Saturday, November 26, 2011

OK, Johnny, Now Greenwash Your Hands

One of the "joys" of traveling long distances on a busy holiday weekend is seeing how highway rest stops try to greenwash their way out of providing paper towels.

Shown here are two examples of hand dryers from my recent travels. The second one, in case you have trouble reading it, says "Save trees, eliminate paper towel waste, and maintain cleaner facilities with World Warm-Air Dryers."

Part of Dead Tree Edition's plan for reviving the paper industry is handing out little stickers saying "Wipe hands on pants". They could be placed under the hand dryer's instructions, right below "Rub hands vigorously under dryer."

Or how about one reading "This dryer powered by coal-fired electricity"?

Somehow, I don't think the state highway department (no, I'm not telling you which one) did a thorough environmental analysis before approving the message on the first example above: "We encourage the use of our high efficiency electric hand dryers as alternatives to disposable paper towels. By doing so, we reduce our carbon footprint and our impact on landfill capacity."

I'm not saying paper towels are more environmentally friendly than electric dryers. But I object to simplistic assumptions that all substitutes for paper are greener than using paper. (Dead Tree Edition has addressed this issue in such previous articles as Google Using Blatant Greenwash To Promote New Catalog App and Smackdown: Printed Editions vs. Digital Editions.)

Whether using an electric dryer has a lower carbon footprint and less impact on forests and landfills than paper towels depends greatly on a variety of variables, such as:
  • The energy sources of the dryer's electricity and of the paper mill. (In North America, coal is the most likely source of the dryer's electricity, while relatively benign energy sources like hydroelectric are fairly common at paper mills.)
  • The forestry practices used to obtain the towels' virgin fiber.
  • The proportion of recycled content in the paper towels.
  • The amount of deforestation caused by obtaining fuel for those power sources, such as via mountaintop removal for coal mining.
  • The energy efficiency of the hand dryer and the paper mill.
  • The proportion of people using hand dryers who end up saying, "Screw it" and finish drying their hands with toilet paper.
  • The carbon footprint of the bathroom's TP.
  • The disposal methods used for the bathroom's waste -- and the power plants' fly ash.
Speaking of not overlooking the environmental impact of electricity generation, I couldn't resist republishing these apocryphal coal-industry advertisements:

Home Solar Power Discounts - One Block Off the Grid


Newsboy said...

That is funny. I was thinking the same thing on my drive along the OH, IN & IL tollways yesterday.... said...

The proponents of electric dryers, particularly the older ones, usually forget that in most circumstances in the US, the energy put into the room by the dryer is subsequently pumped out by the air conditioner, adding significantly to the energy consumption and CO2 footprint.

Papyrus said...

There's an element of truth to this to go along with a healthy portion of humour. Especially with those older machines that are comically ineffective. But lets not get carried away either, or blame everyone for the crude statement used on these old machines by a self-interested company.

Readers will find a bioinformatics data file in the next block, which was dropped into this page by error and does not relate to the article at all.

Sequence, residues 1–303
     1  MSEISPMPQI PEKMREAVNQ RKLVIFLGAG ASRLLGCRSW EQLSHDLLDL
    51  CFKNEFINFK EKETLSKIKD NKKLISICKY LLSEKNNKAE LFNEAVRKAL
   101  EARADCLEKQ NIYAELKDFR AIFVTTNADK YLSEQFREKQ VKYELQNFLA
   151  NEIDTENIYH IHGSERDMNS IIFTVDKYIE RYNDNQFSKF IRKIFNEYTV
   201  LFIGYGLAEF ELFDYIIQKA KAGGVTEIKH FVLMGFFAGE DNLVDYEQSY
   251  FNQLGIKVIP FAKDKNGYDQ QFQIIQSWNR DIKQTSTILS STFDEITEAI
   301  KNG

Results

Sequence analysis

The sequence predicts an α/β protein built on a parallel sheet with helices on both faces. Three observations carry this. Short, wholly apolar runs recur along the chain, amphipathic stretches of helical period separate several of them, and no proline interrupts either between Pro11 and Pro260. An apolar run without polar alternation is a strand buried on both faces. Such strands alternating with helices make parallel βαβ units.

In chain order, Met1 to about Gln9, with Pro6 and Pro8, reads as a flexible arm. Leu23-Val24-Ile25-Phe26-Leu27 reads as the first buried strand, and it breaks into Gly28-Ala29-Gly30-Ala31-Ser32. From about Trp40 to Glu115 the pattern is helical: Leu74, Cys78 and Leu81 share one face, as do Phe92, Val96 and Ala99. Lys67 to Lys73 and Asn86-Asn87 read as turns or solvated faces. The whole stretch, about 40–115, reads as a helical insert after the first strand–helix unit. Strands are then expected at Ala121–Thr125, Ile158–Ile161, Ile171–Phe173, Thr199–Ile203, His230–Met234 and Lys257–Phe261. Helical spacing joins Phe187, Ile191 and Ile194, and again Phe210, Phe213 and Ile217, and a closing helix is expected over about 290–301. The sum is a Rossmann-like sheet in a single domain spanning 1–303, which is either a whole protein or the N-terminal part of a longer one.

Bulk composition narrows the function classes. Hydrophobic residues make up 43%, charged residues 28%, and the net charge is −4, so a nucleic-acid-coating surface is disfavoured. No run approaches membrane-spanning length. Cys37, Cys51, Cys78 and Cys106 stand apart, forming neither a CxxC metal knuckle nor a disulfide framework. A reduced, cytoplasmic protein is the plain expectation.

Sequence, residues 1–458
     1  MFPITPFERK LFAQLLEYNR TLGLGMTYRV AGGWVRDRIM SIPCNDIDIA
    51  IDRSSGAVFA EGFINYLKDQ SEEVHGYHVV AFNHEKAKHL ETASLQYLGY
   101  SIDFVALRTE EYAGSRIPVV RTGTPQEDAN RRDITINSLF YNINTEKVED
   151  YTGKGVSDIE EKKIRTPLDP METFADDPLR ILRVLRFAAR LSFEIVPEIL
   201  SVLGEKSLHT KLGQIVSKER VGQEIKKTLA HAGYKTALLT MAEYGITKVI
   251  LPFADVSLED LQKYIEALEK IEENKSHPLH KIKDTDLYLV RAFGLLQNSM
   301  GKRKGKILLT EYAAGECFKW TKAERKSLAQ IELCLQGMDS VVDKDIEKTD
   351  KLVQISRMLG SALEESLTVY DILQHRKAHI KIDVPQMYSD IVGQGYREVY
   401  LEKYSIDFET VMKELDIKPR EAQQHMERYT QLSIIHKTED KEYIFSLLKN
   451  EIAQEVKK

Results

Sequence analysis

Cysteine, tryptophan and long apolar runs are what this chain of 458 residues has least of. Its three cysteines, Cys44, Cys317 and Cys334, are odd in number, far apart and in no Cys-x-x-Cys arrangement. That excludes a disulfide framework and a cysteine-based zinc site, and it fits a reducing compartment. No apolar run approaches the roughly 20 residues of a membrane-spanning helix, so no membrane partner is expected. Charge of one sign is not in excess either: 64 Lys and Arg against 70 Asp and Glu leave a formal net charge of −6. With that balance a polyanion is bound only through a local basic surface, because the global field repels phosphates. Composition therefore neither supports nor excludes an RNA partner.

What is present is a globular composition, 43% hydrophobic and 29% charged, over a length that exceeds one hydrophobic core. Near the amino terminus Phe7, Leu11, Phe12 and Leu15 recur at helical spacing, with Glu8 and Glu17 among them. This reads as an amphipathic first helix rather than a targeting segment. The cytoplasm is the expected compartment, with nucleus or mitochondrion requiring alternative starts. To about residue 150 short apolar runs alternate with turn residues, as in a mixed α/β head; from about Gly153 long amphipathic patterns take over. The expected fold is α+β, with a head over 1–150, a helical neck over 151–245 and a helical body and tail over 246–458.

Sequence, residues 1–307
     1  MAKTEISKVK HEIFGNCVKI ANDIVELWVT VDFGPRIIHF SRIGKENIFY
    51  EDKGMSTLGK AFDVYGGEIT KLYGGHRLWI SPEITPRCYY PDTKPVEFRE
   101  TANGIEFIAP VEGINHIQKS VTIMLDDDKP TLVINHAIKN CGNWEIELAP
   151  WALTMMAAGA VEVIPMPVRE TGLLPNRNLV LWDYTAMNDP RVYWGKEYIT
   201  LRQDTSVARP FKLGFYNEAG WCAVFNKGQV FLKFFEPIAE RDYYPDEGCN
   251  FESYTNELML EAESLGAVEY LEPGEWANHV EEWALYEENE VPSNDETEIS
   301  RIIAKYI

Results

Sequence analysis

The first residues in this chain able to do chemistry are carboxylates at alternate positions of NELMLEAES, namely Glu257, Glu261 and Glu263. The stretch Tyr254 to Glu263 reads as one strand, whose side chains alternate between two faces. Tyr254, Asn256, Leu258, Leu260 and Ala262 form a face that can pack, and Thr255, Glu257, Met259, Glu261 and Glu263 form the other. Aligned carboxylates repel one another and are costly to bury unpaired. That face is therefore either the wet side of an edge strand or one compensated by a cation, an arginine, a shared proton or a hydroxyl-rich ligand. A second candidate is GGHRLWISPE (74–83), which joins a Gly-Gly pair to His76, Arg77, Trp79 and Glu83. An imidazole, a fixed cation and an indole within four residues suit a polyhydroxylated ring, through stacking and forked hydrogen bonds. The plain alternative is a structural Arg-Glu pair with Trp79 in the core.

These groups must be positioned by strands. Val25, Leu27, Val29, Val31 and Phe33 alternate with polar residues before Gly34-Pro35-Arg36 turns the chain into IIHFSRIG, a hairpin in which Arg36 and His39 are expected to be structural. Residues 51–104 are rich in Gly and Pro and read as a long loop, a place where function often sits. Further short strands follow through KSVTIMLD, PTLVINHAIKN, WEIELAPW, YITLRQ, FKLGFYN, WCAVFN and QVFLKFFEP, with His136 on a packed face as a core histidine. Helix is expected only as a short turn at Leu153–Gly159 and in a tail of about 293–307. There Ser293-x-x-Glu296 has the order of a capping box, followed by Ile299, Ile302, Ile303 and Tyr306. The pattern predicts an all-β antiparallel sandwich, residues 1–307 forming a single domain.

I also think that the motorized hand towel dispensers are a foolish use of energy, and undermine the virtuous posture of the paper companies distributing them. Alternatively, the similar design, where you grab the one towel off, and it pulls out the next one, and its all completely mechanical (non-motorized) seems a much better solution. Why do I need it to suck up battery power (or coal), and then dispose of those batteries. Seems that paper companies are pushing these dispensers, which kind of goes the wrong direction if you want to start adding up carbon footprints. Ban the electric paper towel dispenser!

Its also important to note, that while much of the energy in the paper industry is from woodwaste, etc and there's a reasonable discussion to be had, its also inaccurate to suggest that a large amount of paper's energy comes from hydro so its probably/mostly/sorta okay. Only a small portion comes from hydro. And the energy sources probably mirror whats on the grid to a certain extent based on the region of the country, not including the burning of wood which will be greater in the paper production than in the air dryer power.

But, yes, in the real world....I too prefer to use one piece of standard, non-motorized dispenser, hygenic, 100% recycled, paper towel and if I could put it in a compost bin that would be even better!

Coal said...

The investment into alternative power generating technologies such as nuclear energy may need to be measured against the potential cost when things turn against you as unfortunately happened this year in Japan. Coal prices and coal statistics show developing economies are more likely to increase their investment into & their use of coal mining in coming years because of coal's affordability and ability to quickly meet increasing demands for electricity and steel.

Papyrus said...

Here's a link to an LCA from a few years back. I would assume newer models are more efficient.

Anonymous said...

Once you wash your hands and dry them and then go
and grab the doorknob , you have re-infected yourself!
That is pretty common knowledge these days..
So why wash your hands at all.

Making money is what makes the USA work..I just do not
Like lies about what is green. it may be not green at all.

I prefer towels or bring my own. And I never touch that
Doorknob or handle after washing anymore. YUK